Megan: Sometimes while sitting at home in my pjs, all we need to work is a good internet connection. Other than that, Pretoria and JHB are our playgrounds and we go where the client requests.
Lizanne: I work at home when I work on Driehoek projects, so either at my desk, on the floor or in the car (if I have to think of stuff).
Give us some insight regarding your process, especially the aspect of working together as a collectiveâŠ
Megan: Collaborative pieces are some of our favourite pieces to do. You never know exactly how itâs going to turn out and you have to have complete faith that the other person isnât going mess up. We usually spend a few days conceptualising and then itâs just a matter of sitting down together and getting the pen on the paper. We swap material and add on to the others drawings and compose the final illustration digitally. Swapping from one person to the other as we do this.
Lizanne: We brainstorm together, and then take a few days where we do research and work on concepts. We then come together again, and have another brainstorm. We then allocate sections of the project, if it is a big project that can be divided, of course. Smaller projects get allocated to one person, and then we just review the progress together. We try to see clients together whenever it is possible so that we both get the brief firsthand, and so that the client meets us both.
Sometimes, if time and the nature of the project allows for it, I would start working on a project, then halfway through give it to Megan to work on. Our different viewpoints in one piece offer a richer statement and point of view. If the project has a bunch of little characters and details, this approach also makes for a more interesting and varied quality at the end.
What do you love most about what you do?
Megan: Getting the final sign off from client and knowing it was a job well done. Most of our clients reference works we have done in the past and knowing they have come to you searching for something similar gives one the feeling that you must be doing something right. That and the pride and excitement you get from exhibition night.
Lizanne: I am a creative, and I am very blessed to be doing both design and illustration at the same time. I love that I didnât have to choose. My approach to design is much more calculated than my approach in illustration. I love just drawing for the sake of it and that by just doing that, Driehoek has come from it. I am a different kind of happy when I draw, and I love that that happy is a part of my work now.
And the part youâd rather do without?
Megan: Doing the admin is the bane of my existence!
Lizanne: Client changes, haha. But what creative wouldnât? I would also love it if we could do our own printing because that would just cancel a big chunk of admin work out of our days.
What do you enjoy doing in your spare time?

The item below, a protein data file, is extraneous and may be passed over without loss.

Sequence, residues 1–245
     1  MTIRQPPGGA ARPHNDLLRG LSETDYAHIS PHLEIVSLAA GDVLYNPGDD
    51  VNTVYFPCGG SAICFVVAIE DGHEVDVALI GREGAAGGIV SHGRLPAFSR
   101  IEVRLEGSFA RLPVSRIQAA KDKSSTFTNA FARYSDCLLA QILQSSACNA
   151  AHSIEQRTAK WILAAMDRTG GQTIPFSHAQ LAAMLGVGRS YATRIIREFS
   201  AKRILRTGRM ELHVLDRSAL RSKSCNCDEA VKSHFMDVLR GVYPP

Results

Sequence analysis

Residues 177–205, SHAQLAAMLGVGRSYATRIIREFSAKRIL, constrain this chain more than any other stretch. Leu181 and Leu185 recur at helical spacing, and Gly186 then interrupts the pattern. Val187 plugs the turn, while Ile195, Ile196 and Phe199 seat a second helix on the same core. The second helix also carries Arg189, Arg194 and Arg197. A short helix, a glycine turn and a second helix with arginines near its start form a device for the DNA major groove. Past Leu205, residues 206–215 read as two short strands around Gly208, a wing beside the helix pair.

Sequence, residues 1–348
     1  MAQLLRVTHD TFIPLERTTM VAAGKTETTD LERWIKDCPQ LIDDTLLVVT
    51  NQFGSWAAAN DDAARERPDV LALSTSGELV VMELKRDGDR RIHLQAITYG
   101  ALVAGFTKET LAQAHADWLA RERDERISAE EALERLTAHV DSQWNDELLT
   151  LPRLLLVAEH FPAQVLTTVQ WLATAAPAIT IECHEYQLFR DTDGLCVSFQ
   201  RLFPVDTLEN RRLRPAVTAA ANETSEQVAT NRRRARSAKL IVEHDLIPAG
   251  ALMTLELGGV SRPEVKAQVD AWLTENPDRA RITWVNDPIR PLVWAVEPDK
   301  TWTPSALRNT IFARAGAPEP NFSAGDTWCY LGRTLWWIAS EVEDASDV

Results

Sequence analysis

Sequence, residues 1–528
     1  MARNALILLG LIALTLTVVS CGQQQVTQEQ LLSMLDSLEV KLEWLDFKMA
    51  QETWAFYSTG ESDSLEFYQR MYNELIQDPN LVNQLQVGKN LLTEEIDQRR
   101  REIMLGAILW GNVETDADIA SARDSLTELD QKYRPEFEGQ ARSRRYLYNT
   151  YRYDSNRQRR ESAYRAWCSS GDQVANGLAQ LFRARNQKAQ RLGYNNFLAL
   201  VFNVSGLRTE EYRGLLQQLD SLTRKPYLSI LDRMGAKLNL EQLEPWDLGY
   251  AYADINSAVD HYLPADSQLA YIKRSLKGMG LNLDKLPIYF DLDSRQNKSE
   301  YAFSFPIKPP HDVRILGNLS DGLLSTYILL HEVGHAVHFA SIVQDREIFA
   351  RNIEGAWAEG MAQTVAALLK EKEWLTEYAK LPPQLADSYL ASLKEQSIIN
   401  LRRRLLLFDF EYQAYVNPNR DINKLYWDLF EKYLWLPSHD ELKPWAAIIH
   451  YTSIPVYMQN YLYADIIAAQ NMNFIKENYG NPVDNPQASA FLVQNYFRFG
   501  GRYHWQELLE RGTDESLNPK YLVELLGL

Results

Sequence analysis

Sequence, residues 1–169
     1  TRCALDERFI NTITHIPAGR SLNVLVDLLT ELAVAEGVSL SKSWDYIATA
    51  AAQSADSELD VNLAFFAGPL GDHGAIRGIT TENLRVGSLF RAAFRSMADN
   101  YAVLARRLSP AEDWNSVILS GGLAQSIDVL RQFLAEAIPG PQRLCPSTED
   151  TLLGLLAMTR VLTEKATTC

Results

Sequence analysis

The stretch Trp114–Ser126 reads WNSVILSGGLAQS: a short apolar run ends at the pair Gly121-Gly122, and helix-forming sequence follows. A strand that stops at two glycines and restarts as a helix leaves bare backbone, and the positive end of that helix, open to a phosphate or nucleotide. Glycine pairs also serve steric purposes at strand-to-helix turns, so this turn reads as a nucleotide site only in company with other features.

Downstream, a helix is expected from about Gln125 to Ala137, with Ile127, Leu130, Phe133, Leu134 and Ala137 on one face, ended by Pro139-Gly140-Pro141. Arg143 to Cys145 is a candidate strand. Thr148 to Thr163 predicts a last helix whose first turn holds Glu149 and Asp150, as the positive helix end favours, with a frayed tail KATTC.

Megan: Spare time? Play playstation with my nearest and dearest or the best, playing tabletop strategy games with a group of friends.
Lizanne: I have pun in my spare time. That is not a spelling mistake, itâs a pun. Haha I know.
Because I work full-time, Driehoek takes up a large portion of my free time, which is great because it makes me so happy. So technically I just have a very structured and branded hobby. Other than that, I just hang with friends and drink craft beer.
I also have this tin of Zam-Buk in my car that I havenât been able to open for ages, so when I wait at a traffic light, I try to open it before the light changes over. Itâs a time challenge I have not succeeded at…yet.
What are you working on at the moment, and what are your plans going forward?
Megan: We are currently working on our next exhibition which will be happening early next year.Â As well as children’s books and a few really rad collaborative commissions. Besides for that we are looking to get a few more people involved and take on higher quantities of work.Â As well as setting up as an online vendor to sell our prints.
Lizanne: We are currently working on some epic wedding stationary for a friendâs brother, and are in the process of discussing a colouring book project with a potential client. Another project we are just about to finish is a collaborative piece with illustrators around the world. The project requires each illustrator to do a soccer playerâs trump card, which will then offer a deck of cards, each characterizing the chosen soccer player in a unique style.
We also have another exhibition coming up early next year.
In future I hope to see more and more international work coming in, with the hopes that one of them will give us the opportunity to travel for our work. I also want to collaborate more with local artists, and not only illustrators, but also fashion designers and even architects.
More from Driehoek over here.